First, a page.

Top bar beekeeping

Someone asked me what exactly I meant by “top bar” beekeeping, so here are some images.

Normally beekeepers slip a commercially-made sheet of plastic or wax, imprinted with a honeycomb pattern, into each wooden frame. It is tied in with wire. The bees build up the comb wax following those guides. The whole frame is one solid sheet, like so:

Whereas in top-bar beekeeping, the only guide provided the bees is a little strip of beeswax applied along the top center of each frame. The bees build up the entire honeycomb on their own, from the top down. This lets them make the cells the size and shape that they want (evidence has shown that the smaller natural size may help reduce mite infestation) and makes honey harvesting much easier as you simply slice off the whole comb, but also takes twice as much work for the bees and has to be watched to make sure they’re not drawing it out in crazy shapes and sticking all the frames together.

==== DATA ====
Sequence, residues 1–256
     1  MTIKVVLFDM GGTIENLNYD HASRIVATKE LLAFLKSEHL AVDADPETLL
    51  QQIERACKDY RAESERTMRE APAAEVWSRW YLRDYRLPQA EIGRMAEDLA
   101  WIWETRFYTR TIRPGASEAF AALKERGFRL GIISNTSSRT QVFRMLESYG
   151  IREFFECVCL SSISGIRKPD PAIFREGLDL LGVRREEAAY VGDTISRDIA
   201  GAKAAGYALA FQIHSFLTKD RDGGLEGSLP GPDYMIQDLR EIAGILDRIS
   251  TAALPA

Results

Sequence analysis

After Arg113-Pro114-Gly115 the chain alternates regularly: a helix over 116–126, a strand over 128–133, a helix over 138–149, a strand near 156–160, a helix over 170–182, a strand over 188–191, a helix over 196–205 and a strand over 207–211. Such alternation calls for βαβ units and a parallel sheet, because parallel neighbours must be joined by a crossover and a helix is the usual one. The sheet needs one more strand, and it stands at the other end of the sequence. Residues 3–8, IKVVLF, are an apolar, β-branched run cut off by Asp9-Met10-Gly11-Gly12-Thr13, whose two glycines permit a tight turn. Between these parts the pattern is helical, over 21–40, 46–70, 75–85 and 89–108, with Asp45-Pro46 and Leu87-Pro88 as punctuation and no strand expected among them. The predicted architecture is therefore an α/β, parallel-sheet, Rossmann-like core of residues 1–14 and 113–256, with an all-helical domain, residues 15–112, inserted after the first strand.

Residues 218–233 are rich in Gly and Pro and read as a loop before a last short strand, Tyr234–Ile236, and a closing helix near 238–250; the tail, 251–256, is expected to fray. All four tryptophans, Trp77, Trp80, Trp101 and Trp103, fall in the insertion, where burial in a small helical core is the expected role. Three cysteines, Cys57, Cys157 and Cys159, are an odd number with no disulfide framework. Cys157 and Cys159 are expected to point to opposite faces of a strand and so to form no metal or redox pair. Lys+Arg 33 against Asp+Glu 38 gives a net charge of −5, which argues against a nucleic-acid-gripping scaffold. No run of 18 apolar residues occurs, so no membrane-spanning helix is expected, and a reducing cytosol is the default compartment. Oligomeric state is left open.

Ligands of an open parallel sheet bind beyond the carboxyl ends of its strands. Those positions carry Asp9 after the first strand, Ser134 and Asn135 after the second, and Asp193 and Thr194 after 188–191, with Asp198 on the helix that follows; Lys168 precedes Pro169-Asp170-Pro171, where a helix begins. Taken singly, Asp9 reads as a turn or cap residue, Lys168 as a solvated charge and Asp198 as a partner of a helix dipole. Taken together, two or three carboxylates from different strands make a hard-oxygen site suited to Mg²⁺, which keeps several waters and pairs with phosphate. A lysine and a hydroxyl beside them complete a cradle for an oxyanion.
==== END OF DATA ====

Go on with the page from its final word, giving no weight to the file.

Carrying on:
Eventually they will fill out the whole frame with comb and it will look identical to the first, though it will still be more delicate. Top bar frames can’t be tipped around as cavalierly as foundation frames, because the soft, honey-heavy wax will simply fall out. That nearly happened to me the last time I opened the hive – it partly detached as I tipped the frame carelessly, but I think the bees will be able to repair it.

Because of the extra work required by the bees to make comb from scratch, I am planning to never ever harvest the brood boxes. Only the shallow supers will get touched, and only once per year. It’s kind of a balance; were I to use commercial foundation I could harvest honey twice a year because the bees wouldn’t have to work so hard to build comb; but the only wax I would get would be from slicing off the capped honey, and that little bit wouldn’t go far in making candles. So harvesting a top bar super will be a nice tradeoff, I think – less honey, but more wax. And with the eventual four colonies that I hope to have, harvesting once a year should be more than enough for our needs. In fact, if I weren’t baking for people outside our small household, I could give up buying commercial sugar entirely… at least, that’s the hope for far in the future.

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